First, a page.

How do you measure impact?


How do you measure impact? How do you measure changed lives?  What are the indicators that something has happened?

It begins inside; the metamorphosis is, at first, almost invisible; it becomes visible in action, in risky commitment to non-violent political and social change.

I remember Saleh, a Muslim member of the Sudan Peoples’ Liberation Movement and an imam.  I also think of Widad and Mai and Yasmin and Arije and Enass – all Sudanese Muslim women whose lives were changed through and beyond a ten-day training in conflict transformation and non-violent direct action.  I think of Feraz and Henna and Deli, Filipinas who measure the ongoing impact of their training in their work in justice, peace, mining justice, community rehabilitation, education and development. And then there’s Atungo and Woba from North East India whose working out of the impact of their encounter with Partera in unique ways, spreading the news of transformation throughout the North East.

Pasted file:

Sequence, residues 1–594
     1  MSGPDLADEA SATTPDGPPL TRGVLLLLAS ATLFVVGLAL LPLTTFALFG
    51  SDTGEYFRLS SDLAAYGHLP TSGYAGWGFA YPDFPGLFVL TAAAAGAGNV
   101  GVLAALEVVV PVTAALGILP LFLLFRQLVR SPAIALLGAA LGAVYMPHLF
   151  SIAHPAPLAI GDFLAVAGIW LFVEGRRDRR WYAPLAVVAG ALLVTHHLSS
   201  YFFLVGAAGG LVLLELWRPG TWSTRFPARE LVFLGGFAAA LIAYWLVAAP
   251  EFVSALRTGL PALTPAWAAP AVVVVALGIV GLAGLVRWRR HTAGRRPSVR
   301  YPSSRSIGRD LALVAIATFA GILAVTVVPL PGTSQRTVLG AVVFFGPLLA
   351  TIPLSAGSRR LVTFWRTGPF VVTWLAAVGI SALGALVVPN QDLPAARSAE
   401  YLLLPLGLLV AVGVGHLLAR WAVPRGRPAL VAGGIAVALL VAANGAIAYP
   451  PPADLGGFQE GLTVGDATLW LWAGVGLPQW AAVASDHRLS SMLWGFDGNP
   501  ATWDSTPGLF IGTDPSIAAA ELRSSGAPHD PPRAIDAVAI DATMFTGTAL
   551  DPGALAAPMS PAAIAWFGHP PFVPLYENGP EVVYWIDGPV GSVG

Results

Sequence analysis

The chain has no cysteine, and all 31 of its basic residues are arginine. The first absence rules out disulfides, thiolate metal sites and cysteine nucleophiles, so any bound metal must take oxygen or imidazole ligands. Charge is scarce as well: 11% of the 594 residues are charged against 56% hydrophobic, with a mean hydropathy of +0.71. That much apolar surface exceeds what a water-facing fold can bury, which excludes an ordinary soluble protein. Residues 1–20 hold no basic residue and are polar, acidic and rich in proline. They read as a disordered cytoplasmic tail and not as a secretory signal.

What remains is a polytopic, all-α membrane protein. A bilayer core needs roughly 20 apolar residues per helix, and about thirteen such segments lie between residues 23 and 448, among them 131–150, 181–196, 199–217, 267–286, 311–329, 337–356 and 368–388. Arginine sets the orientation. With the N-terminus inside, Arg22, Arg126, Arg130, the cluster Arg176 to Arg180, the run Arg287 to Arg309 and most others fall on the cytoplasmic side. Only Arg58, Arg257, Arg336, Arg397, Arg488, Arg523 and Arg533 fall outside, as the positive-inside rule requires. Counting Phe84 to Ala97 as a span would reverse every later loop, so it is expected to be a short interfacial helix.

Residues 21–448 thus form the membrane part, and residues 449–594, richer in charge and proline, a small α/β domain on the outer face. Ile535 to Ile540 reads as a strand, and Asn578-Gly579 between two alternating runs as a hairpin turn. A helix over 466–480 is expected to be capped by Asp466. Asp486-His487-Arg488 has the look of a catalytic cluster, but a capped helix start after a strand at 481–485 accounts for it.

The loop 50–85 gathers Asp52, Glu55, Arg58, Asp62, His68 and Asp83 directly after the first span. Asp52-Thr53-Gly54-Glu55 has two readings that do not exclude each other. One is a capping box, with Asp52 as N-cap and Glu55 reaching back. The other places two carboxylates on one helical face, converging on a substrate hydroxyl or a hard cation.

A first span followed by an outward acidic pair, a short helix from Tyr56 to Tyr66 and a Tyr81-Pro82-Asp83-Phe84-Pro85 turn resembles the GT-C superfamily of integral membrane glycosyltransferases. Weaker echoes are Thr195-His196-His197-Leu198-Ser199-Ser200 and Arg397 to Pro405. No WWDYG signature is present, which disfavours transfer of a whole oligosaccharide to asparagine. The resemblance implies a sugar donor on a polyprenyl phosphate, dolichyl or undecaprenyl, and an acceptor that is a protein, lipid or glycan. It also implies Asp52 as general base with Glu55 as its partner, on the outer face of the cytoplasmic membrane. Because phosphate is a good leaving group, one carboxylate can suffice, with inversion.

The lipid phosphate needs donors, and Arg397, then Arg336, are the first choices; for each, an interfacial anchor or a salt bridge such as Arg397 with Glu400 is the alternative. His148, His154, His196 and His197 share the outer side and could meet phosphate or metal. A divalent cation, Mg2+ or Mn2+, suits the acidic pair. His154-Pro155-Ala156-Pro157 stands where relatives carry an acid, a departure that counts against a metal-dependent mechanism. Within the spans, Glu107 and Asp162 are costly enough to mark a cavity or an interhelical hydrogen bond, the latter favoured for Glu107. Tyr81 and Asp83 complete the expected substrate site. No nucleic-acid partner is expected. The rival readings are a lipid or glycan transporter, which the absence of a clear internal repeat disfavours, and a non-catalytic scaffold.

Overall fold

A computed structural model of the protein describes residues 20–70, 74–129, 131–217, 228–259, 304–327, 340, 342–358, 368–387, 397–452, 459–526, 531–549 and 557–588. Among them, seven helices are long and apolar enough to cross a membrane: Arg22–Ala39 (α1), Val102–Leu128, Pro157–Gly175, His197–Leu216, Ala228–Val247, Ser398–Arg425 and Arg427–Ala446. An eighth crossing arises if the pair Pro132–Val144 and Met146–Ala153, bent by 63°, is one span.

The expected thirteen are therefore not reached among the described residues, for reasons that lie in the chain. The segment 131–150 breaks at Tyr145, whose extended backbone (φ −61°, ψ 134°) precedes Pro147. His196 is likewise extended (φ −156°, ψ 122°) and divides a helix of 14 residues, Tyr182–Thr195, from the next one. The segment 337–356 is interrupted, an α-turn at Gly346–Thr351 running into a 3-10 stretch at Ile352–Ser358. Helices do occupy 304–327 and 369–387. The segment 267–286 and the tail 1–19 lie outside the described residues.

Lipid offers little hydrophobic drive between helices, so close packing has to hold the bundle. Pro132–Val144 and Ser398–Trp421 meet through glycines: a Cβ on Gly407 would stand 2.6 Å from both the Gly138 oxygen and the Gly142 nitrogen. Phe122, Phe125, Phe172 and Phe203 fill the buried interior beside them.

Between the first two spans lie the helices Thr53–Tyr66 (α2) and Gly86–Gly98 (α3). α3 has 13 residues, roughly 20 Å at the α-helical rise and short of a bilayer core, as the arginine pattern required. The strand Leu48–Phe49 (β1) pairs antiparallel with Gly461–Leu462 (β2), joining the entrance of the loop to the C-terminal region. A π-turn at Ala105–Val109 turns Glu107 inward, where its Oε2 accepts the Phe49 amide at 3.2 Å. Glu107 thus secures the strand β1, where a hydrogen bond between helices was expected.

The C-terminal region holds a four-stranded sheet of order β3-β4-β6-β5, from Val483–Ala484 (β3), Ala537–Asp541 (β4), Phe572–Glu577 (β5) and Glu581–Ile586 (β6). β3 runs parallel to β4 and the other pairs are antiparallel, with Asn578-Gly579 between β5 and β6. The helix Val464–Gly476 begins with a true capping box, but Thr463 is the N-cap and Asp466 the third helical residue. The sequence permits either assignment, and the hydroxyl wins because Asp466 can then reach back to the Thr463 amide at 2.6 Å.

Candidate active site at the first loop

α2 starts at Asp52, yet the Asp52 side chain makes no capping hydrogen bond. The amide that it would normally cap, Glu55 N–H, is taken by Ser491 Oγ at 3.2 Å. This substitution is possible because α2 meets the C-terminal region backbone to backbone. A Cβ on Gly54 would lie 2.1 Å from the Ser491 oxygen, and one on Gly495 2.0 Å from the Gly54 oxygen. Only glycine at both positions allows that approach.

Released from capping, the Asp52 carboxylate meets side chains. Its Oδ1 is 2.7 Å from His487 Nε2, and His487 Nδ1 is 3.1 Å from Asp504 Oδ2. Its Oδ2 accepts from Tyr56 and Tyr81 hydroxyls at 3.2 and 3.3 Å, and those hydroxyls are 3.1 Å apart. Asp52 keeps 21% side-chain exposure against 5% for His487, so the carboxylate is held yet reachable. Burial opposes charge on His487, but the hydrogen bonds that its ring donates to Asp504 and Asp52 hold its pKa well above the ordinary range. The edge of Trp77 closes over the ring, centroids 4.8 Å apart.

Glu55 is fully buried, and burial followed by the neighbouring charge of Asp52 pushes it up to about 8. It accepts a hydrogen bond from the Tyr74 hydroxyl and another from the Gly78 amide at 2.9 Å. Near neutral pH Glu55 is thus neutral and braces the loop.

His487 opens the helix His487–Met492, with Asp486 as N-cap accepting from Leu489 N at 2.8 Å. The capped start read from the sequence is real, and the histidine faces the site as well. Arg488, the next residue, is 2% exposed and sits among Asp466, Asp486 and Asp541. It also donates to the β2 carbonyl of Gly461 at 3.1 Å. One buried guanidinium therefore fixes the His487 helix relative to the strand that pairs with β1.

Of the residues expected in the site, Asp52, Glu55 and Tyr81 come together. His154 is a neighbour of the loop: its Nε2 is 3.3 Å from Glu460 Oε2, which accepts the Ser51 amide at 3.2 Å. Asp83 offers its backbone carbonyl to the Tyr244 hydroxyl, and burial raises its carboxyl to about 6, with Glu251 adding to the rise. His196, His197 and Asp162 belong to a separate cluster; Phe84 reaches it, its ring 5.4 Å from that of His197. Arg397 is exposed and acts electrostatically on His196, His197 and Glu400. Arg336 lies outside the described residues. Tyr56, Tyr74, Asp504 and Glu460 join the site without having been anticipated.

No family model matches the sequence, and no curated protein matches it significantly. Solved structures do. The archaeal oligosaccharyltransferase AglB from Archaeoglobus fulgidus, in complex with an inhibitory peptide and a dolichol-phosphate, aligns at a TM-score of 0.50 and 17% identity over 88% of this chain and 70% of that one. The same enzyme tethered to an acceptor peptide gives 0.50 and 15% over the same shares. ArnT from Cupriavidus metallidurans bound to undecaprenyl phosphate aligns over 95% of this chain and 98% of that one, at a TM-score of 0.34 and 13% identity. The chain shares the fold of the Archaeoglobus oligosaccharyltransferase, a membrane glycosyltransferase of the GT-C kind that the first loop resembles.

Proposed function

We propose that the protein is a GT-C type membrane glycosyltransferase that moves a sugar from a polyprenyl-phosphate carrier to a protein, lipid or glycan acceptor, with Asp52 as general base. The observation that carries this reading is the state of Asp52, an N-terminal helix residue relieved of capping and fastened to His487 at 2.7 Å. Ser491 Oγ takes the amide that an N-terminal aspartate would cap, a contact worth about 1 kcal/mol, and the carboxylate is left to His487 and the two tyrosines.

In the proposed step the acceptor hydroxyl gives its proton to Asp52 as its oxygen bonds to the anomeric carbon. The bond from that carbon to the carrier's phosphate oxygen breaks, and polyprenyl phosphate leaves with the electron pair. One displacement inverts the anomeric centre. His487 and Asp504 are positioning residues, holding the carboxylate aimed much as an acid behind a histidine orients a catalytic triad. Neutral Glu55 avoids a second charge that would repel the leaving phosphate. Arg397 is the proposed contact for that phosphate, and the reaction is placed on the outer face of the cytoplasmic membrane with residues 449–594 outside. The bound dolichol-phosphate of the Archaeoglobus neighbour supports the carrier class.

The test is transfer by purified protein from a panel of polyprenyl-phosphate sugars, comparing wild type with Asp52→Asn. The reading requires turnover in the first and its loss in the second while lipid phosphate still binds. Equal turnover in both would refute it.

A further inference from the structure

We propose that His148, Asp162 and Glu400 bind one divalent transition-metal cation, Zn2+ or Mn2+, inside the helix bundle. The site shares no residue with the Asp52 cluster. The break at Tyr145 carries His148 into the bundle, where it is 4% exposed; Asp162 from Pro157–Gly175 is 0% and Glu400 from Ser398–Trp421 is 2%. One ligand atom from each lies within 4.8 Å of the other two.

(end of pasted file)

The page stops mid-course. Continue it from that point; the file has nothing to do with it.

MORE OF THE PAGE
The trainings impart skills and techniques; the real change is the breaking down of barriers of enmity as people come to understand their common humanity.  Excited about what they’ve learned and found unleashed in themselves, their training as trainers multiplies the impact exponentially as others upon others are trained and trained to train. Beyond those they train, they become movement leaders, watched from close by and far off, inspiring more of the same.


Muslim-Christian Trainings
Mindanao / Philippines Conflict Transformation
San Cristobal de las Casas, Chiapas, Mexico
Sudan third party non-violence intervention